OpenSSL is an indispensable tool for security practitioners, offering a wide range of capabilities from creating private keys and certificate signing requests (CSRs) to verifying certificate chains and testing server security. Here, we share some fundamental OpenSSL commands that every security professional should be familiar with to ensure robust digital security management.

1. Generating Private Keys

Creating a strong private key is the first step in securing your digital communications. Use the following command to generate a new RSA private key of 2048 bits, which is the current industry standard for encryption:

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openssl genpkey -algorithm RSA -out private.key -pkeyopt rsa_keygen_bits:2048

2. Creating a Certificate Signing Request (CSR)

Once you have a private key, the next step is to create a CSR, which is required to obtain a certificate from a Certificate Authority (CA):

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openssl req -new -key private.key -out certificate.csr

This command will prompt you to enter information that will be included in your certificate, such as your country, organization, and common name (domain name).

3. Self-Signing Your Certificate for Testing

For testing purposes or internal use, you might want to self-sign your certificate instead of getting it signed by a CA:

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openssl req -x509 -days 365 -key private.key -in certificate.csr -out certificate.crt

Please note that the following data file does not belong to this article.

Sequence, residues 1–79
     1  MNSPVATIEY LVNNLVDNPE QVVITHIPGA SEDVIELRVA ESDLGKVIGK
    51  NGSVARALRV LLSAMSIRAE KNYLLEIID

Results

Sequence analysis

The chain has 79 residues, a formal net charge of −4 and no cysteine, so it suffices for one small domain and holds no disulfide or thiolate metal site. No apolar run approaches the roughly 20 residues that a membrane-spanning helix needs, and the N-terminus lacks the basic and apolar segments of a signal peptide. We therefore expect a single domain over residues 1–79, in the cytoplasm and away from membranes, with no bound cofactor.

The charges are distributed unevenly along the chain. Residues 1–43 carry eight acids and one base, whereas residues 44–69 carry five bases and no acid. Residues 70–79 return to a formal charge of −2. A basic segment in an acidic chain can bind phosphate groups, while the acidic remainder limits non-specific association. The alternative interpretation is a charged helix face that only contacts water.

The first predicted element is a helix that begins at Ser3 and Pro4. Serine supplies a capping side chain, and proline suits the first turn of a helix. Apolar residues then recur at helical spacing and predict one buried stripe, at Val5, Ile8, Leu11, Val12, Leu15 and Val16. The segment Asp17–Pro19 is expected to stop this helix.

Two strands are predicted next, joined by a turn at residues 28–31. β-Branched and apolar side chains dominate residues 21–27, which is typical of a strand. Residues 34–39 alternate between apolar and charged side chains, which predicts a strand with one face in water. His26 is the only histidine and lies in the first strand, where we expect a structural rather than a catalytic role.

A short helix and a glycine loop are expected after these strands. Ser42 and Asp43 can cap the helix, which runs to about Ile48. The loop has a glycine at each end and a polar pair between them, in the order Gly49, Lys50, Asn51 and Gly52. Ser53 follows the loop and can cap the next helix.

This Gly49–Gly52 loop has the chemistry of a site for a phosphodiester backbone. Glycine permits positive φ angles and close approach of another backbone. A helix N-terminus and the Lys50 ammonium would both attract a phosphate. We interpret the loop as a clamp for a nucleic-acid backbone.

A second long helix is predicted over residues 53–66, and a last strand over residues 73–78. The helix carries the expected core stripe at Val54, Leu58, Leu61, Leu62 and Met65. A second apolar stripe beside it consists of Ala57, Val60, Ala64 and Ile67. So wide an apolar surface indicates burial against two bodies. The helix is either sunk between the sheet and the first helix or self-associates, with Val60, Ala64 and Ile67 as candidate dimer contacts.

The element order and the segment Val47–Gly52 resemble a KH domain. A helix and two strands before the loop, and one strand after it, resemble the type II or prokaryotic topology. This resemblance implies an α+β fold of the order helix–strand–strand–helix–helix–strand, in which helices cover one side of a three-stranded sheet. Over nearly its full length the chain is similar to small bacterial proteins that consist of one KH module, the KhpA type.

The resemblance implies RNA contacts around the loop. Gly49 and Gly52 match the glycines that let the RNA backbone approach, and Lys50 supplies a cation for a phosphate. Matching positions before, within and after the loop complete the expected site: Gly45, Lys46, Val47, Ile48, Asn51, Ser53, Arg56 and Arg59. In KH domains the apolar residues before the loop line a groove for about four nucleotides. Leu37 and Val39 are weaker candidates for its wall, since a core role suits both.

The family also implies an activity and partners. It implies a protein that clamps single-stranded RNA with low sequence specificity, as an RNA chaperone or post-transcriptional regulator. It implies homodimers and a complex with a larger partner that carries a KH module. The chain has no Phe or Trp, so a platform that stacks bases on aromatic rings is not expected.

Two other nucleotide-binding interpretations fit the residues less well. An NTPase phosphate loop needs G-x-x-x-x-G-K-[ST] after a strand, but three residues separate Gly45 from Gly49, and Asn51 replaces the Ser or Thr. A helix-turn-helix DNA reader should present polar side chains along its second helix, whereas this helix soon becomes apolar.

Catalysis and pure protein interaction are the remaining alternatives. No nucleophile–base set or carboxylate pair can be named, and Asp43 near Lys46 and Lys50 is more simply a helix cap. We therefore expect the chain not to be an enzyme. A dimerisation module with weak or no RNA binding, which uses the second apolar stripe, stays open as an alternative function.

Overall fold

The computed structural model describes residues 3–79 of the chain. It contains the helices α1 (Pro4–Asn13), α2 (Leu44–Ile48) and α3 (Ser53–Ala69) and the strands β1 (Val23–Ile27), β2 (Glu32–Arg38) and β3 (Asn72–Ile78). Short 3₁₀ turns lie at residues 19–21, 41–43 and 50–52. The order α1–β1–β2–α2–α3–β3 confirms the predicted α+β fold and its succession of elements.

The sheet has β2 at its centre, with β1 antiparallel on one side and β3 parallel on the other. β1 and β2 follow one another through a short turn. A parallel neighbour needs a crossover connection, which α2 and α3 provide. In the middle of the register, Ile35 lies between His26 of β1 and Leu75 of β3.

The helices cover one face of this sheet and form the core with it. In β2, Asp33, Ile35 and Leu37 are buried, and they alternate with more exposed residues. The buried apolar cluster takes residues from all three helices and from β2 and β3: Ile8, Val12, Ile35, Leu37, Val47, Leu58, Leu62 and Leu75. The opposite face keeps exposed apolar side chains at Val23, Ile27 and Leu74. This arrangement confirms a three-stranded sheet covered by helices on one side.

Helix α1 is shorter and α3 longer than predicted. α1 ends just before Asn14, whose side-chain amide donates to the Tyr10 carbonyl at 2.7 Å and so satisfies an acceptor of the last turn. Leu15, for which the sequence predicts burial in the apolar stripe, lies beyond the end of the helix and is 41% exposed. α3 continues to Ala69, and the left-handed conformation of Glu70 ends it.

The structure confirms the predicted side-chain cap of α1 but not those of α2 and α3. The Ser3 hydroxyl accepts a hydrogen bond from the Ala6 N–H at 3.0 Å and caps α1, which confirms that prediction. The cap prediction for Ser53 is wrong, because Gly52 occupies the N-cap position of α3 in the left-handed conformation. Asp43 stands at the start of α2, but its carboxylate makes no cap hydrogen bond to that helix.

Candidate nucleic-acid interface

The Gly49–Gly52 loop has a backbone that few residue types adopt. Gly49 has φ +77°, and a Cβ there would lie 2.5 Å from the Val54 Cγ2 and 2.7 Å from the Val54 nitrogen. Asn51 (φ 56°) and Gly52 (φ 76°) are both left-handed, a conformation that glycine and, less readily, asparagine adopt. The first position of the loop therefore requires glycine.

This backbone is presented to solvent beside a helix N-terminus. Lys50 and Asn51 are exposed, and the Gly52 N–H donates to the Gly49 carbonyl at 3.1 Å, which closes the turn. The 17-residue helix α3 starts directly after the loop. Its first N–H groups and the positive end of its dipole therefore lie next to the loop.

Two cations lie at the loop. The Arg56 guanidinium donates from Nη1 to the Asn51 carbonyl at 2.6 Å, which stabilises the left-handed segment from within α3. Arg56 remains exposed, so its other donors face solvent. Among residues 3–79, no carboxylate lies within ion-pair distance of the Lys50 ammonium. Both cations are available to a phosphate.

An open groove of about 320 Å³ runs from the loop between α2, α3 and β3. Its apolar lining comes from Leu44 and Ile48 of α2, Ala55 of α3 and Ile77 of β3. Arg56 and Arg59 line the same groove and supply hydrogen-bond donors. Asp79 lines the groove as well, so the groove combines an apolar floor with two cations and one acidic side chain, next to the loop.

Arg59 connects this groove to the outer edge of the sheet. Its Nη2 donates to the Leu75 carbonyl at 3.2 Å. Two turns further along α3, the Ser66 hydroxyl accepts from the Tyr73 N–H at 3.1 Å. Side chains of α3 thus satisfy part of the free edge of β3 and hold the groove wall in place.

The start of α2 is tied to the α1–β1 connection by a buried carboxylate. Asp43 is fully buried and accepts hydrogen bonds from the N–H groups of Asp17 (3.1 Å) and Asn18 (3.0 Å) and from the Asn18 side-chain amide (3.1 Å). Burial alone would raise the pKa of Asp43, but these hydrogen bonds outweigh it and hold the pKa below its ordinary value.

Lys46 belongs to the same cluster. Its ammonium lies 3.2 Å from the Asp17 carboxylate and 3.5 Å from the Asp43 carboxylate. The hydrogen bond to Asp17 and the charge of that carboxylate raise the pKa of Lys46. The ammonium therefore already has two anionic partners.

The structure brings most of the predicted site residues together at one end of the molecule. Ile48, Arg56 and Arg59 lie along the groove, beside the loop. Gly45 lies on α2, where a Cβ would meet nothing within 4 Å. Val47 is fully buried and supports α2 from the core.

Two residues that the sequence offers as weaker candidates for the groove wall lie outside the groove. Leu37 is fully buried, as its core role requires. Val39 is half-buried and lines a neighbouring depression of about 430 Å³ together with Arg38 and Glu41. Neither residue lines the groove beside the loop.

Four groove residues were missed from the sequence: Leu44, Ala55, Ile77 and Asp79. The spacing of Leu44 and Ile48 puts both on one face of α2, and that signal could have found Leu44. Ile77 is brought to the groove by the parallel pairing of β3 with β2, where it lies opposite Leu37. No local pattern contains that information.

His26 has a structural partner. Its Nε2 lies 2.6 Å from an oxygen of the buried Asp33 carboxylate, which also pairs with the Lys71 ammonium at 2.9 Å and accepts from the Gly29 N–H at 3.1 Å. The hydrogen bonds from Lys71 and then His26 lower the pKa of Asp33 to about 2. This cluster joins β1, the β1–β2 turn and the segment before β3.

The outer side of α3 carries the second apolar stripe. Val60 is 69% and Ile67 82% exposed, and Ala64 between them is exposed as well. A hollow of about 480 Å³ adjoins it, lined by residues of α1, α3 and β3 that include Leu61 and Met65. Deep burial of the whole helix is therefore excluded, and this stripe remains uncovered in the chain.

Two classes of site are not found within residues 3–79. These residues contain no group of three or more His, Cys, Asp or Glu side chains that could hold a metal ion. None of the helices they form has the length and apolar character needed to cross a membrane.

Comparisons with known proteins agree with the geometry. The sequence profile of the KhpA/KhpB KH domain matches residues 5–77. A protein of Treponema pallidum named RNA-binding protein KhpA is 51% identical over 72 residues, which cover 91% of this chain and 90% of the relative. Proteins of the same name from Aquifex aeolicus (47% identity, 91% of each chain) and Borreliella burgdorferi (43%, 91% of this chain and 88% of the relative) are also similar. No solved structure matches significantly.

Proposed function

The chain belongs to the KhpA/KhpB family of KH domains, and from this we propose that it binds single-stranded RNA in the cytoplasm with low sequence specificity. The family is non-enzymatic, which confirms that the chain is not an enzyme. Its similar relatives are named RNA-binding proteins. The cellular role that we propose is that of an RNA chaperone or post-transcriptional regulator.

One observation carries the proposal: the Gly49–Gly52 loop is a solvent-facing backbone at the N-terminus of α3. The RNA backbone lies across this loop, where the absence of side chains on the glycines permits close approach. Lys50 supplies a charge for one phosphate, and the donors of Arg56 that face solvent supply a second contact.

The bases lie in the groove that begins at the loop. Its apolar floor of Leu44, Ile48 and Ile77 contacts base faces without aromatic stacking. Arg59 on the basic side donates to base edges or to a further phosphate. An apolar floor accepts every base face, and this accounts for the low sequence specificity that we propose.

This command creates a self-signed certificate valid for 365 days.

4. Verifying a Certificate

To ensure that a certificate is valid and has been signed by a trusted CA, use the following command:

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openssl verify -CAfile ca_bundle.crt certificate.crt

This command checks the certificate against the CA’s bundle to verify its authenticity.

5. Checking Certificate Information

To view the details of a certificate, such as its issuer, validity dates, and subject, use:

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openssl x509 -in certificate.crt -text -noout

6. Testing TLS/SSL Server Security

Use OpenSSL to connect to a server and analyze its security settings, including supported protocols and cipher suites:

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openssl s_client -connect hostname:port

Replace hostname:port with the actual domain name and port (typically 443 for HTTPS).

7. Encrypting Files

OpenSSL can also encrypt files using various algorithms. For example, to encrypt a file using AES-256-CBC:

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openssl enc -aes-256-cbc -salt -in plaintext.txt -out encrypted.dat -pass pass:YourPassword

To decrypt the file, use:

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openssl enc -d -aes-256-cbc -in encrypted.dat -out plaintext.txt -pass pass:YourPassword